Ever wondered what the world is asking about Germany and the Germans? We looked at Google’s most searched results to find out – and help clear some of these queries up.

Hasan Salihamidzic, the sports director of FC Bayern, arrives with his wife at Oktoberfest in full traditional dress. Photo: picture alliance/dpa |

According to popular searches, Germany is the go-to place for good coffee and bread (although only if you like the hard kind) and the place to avoid if what you’re looking for is good food, good internet connection and low taxes. Of course, this is subjective; some people will travel long stretches to get a fresh, hot pretzel or a juicy Bratwurst, while others will take a hard pass.

When it comes to the question on the bad Internet – there is some truth to this. German is known for being behind other rich nations when it comes to connectivity. And from personal experience, the internet connection can seem a little medieval. The incoming German coalition government has, however, vowed to improve internet connectivity as part of their plans to modernise the country.

There are also frequent questions on learning the German language, and people pointing out that it is hard and complicated. This is probably due to the long compound words and its extensive grammar rules, however, as both English and German are Germanic languages with similar words in common, it’s not impossible to learn as an English-speaker.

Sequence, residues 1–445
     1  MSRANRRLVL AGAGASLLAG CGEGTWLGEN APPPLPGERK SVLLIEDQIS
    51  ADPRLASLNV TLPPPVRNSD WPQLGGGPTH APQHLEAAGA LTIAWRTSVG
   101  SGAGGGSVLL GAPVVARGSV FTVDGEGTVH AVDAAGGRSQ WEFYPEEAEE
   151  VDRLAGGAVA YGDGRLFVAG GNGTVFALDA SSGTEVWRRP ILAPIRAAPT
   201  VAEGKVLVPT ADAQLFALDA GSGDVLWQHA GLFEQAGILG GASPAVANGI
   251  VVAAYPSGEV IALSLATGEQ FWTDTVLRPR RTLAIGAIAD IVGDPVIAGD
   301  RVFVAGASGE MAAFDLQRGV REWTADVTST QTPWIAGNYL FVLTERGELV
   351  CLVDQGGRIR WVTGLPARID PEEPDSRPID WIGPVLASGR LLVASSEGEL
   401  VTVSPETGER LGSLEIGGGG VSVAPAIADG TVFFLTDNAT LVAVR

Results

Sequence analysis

Here’s a look at some of those questions…

Why is German called Deutsch? Whereas ‘German’ comes from the Latin, ‘Deutsch’ instead derives itself from the Indo-European root “þeudō”, meaning “people”. This slowly became “Deutsch” as we know it today. It can be a bit confusing to English-speakers, who are right to think it sounds a little more like “Dutch”, however the two languages do have the same roots which may explain it.

And why is Germany so boring? Again, probably a generalisation, especially given that Germany has a landmass of over 350,000 km² with areas ranging from high rise, industrial cities to traditional old town villages and even mountain ranges, so you’re sure to find a place that doesn’t bore you to tears.

Perhaps it is a question that comes from the stereotype that Germans are obsessed with strict about rules, organised and analytical. Or that they have no sense of humour – all of these things being not the most exciting traits.